I’ve been browsing academic photography journals. It’s some time since I’ve read material like that. I find it as interesting as ever. I’ve always enjoyed theory. At A Level Sociology I liked phenomenology, which led to existentialism, which I studied at university. The other A Level students preferred documentary studies like the sociology of a factory, for example. I’m not sure if entry level sociology is normally taught like that, with a division between theory and documentary. If I were teaching it, I would however do the same because there’s a cognitive gap between the two. It was the same on my photography degree. I liked reading Sontag, Barthes, Stephen Shore, and a book called The Photograph: A Strange Confined Space was possibly the closest to my own interests. That is, the semantics of photography. Writer Geoff Dyer gave us a presentation on one occasion. That was interesting. His book The Ongoing Moment is a lyrical, narrative building survey of a collection of photographs where one theme is repeated across decades of culture. One of the journal articles suggested black and white photography invites us to think because it is non representational. Like a painting, it has an underlying conceptual layer because it is not a mirror like snapshot. The idea needs containing and qualifying, because it doesn’t mean a colour shot has no conceptual layer nor that monochrome does so necessarily. I was talking to a young chap in a shop recently and I was amused with his exasperation and rejection of undergraduate photographic studies. But what does it mean to you, the tutor said with exaggerated effect. It means it’s a technically bad shot he said, which apparently it was. There is a layer of hype and nonsense in photography as there is with most things. We spoke too about so called conceptual art. I’ve not time for it. I agree with Susan Sontag however, that photography is a useful educative tool.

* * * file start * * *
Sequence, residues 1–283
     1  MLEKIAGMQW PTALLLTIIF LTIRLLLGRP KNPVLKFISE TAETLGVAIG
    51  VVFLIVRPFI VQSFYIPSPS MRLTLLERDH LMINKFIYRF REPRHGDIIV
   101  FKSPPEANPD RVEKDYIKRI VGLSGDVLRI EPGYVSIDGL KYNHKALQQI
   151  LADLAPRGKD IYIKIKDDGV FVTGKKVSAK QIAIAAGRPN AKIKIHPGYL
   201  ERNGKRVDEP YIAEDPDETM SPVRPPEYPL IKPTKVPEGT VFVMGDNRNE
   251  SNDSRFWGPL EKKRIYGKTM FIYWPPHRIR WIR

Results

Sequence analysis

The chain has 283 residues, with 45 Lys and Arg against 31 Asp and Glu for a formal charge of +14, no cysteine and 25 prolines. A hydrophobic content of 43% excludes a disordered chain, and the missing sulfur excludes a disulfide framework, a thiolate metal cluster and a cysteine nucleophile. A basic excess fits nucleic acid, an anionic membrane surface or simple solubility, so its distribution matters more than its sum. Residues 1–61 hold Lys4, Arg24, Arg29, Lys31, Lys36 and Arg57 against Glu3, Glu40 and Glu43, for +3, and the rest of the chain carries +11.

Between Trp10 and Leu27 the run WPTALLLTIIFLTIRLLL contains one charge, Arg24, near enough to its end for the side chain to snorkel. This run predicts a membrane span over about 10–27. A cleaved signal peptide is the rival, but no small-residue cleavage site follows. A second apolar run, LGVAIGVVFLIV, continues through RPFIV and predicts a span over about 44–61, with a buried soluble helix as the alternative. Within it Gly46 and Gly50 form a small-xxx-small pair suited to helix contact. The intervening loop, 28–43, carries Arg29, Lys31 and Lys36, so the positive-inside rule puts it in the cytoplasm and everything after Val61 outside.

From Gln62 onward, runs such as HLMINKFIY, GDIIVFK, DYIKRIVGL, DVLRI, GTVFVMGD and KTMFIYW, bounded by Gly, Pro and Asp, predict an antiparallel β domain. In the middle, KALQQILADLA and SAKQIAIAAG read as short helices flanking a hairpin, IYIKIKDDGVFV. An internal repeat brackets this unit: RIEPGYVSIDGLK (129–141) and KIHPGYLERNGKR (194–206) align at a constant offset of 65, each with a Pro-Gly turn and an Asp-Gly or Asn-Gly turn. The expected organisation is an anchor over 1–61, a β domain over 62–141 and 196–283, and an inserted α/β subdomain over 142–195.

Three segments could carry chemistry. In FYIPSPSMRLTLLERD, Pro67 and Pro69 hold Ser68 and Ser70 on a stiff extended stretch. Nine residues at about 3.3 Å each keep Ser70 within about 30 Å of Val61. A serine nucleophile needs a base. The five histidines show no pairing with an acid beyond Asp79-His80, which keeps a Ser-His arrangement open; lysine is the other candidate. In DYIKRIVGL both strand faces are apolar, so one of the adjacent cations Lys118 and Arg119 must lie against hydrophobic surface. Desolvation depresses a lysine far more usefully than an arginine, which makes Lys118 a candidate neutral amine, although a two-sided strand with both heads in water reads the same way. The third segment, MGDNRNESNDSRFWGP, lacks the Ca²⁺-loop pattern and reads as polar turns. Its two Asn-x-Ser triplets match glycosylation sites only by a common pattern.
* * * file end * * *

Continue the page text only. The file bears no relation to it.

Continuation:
Pyrenees Photography: Lac Bersau Black And White

Saturday September 27, 2014